PRIDE: UK gay activists work to help miners during their lengthy strike of the National Union of Mineworkers in the summer of 1984.
In the twenty-first century one could think, and it would certainly not be an unjustified thought, that cinema was merely restricted to robots, superheroes and dinosaurs; for they unquestionably dominate the film calendar. These films cost millions, and take billions. There are guaranteed explosions and huge fights on epic scales, with landmarks such as Big Ben, Times Square or The White House being demolished into rubble. They generate buzz weeks, and in some cases, years before release, all of which translates into sales; they have their own clothing lines, toy creations and cereals. In short, they are most certainly bankable. It is for this, simple, reason that they are made, and in such vast quantities. However, with that said, there is the occasional film that does not contain robots, nor does it contain superheroes or dinosaurs; but, instead, opts for believable and likeable characters, a fantastic script and, that rarest of things, expert storytelling. Pride is one of those films.
Based on a true story, Pride depicts the work of a group of gay and lesbian activists who raised money to help the families of a small welsh town through the UK miners’ strike in 1984 by creating the LGSM (Lesbians and Gays Support the Miners). With a few of the town being, at first, reluctant to accept the help the two groups soon form a bold alliance and all are strengthened by it, and achieve far more than they could do on their own.
The film, originally, premiered at the 2014 Cannes film festival and to, it is reported, whoops and cheers of delight; something of which it is rightly deserved. The film has been compared to other British films such as Billy Elliot and The Full Monty, something I can understand given that it shares the same style of storytelling and the same visual aesthetic; furthermore, I can understand the comparison as I would imagine, only having seen it once, one could watch repeatedly and still make you smile, and have the hairs on the back of your neck stand to attention. The sheer joy that is conjured watching this film is something which has been unparalleled in any film I have seen so far this year; and, while it is something of a cliché to use the word, it is truly uplifting. For it is a joy watching two groups of people who have formed an unlikely alliance come together in the name of fighting prejudice, in all of its many ugly forms. In fact, this film, in many ways, is not about people helping a miner’s strike; but, rather, it is a celebration of humanity.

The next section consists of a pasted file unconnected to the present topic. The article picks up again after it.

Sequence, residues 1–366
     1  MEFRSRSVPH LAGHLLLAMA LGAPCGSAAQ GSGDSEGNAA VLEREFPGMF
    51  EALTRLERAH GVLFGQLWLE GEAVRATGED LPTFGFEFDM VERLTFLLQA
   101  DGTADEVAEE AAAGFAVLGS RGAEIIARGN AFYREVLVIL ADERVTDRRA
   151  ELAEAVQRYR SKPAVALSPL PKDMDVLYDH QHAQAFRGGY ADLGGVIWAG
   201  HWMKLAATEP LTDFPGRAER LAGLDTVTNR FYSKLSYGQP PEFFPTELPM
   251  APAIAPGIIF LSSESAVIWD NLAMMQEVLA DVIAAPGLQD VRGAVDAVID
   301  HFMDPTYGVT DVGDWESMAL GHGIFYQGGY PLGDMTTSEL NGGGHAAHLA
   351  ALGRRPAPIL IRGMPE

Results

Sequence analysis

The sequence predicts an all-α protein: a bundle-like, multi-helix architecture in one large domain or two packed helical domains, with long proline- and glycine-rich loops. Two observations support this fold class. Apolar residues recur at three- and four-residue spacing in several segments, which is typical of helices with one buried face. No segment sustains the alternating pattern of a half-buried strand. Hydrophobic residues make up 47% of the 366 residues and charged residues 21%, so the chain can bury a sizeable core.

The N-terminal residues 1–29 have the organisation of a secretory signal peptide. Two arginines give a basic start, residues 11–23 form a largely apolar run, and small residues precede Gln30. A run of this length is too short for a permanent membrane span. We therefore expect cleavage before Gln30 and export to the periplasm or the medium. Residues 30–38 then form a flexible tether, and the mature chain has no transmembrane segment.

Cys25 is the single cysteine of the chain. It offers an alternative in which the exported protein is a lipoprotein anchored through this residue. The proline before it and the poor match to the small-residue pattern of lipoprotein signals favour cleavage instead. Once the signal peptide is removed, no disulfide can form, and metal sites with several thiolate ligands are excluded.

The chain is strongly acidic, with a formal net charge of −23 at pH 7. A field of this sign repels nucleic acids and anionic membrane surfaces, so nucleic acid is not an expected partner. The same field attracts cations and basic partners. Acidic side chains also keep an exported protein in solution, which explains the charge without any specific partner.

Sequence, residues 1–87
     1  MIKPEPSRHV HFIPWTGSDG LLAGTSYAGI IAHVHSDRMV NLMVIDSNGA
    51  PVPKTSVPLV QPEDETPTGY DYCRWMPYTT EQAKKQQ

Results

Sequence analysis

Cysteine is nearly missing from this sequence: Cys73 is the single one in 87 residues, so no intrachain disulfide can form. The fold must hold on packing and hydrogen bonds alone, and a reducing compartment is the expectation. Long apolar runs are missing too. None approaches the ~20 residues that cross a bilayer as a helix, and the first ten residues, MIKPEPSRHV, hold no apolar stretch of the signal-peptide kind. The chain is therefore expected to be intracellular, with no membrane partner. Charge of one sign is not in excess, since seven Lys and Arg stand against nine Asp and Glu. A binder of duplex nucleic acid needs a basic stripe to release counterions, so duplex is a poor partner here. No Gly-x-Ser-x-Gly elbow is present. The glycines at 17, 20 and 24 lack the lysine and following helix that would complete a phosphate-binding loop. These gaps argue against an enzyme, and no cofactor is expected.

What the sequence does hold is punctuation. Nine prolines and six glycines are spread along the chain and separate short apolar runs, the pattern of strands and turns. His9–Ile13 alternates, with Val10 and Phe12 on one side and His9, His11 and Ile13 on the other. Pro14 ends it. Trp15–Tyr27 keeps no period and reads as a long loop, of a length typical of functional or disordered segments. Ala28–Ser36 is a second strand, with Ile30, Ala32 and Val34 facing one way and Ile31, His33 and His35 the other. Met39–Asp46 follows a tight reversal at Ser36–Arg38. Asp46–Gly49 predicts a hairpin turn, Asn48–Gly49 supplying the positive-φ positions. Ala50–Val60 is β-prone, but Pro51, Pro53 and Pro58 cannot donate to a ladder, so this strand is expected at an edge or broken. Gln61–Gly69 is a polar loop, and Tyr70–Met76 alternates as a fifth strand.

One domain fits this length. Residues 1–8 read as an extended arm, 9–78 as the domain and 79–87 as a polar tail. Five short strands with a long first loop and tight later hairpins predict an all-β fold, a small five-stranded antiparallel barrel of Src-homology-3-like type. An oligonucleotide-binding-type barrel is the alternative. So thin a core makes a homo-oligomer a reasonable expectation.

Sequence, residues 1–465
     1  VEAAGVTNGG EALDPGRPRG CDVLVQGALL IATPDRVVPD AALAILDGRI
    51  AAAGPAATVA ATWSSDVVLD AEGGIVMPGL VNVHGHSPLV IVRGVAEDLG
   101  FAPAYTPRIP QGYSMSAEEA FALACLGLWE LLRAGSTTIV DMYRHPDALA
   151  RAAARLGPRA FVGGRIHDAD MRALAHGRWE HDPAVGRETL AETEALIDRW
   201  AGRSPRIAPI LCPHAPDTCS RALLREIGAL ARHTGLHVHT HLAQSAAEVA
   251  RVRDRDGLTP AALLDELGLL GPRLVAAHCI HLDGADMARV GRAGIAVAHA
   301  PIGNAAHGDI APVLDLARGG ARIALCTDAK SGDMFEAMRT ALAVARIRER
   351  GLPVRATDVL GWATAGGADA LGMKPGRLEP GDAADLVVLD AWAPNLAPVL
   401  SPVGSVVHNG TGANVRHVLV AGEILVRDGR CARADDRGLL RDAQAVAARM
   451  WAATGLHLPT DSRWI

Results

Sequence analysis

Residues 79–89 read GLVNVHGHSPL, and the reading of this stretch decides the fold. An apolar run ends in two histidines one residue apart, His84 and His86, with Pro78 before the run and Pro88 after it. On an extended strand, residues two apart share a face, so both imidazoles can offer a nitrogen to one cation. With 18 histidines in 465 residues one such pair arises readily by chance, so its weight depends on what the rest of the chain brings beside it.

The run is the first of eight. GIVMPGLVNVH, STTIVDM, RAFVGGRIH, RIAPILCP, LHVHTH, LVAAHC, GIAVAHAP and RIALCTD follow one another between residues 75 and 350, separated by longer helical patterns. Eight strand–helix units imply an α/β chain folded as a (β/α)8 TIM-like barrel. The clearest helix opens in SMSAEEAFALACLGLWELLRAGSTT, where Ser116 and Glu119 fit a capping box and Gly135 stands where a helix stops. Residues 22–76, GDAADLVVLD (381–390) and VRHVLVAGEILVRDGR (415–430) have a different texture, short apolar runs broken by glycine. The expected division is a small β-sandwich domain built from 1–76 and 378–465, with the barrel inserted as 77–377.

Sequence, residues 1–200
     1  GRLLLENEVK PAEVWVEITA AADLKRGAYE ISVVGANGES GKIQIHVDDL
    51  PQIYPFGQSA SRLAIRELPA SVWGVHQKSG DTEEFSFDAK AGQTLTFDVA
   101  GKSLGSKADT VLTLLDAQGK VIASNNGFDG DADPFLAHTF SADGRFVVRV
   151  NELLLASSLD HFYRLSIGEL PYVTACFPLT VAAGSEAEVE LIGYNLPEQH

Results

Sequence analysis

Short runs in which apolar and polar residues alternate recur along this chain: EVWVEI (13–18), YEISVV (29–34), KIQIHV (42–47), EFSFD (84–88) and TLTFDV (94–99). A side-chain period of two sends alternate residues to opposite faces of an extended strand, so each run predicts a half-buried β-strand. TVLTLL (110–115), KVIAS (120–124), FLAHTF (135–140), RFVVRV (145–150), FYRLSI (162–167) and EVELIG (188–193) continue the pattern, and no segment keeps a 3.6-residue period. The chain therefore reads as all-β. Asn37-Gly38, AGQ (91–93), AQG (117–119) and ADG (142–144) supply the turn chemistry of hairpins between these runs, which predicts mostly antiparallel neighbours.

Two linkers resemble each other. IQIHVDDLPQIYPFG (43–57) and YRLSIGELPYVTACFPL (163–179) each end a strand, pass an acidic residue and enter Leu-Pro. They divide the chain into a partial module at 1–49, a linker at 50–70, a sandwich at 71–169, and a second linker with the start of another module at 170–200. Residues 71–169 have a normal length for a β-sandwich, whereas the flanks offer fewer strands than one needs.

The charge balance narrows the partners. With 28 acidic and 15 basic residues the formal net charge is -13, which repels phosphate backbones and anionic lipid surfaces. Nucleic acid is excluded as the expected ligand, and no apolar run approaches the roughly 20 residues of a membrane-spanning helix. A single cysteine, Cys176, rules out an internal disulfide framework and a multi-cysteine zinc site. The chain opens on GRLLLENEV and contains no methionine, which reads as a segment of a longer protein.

Director Matthew Warchus and writer Stephen Beresford have created something that shines as one watches it. The moments of humour, of which there are considerably many, are perfectly played; equivalently, moments of sadness, again of which there are a great many, are equally exceptional. Each character we believe to be a real three-dimensional character, something one would think a crucial cog in making a film; but, apparently, this is not the case looking to this summer’s recent blockbuster output. In fact, one of the greatest aspects of Beresford’s writing is that the characters, of whom a great many are real given that it is a true story, are people you would want to meet and have as a friend.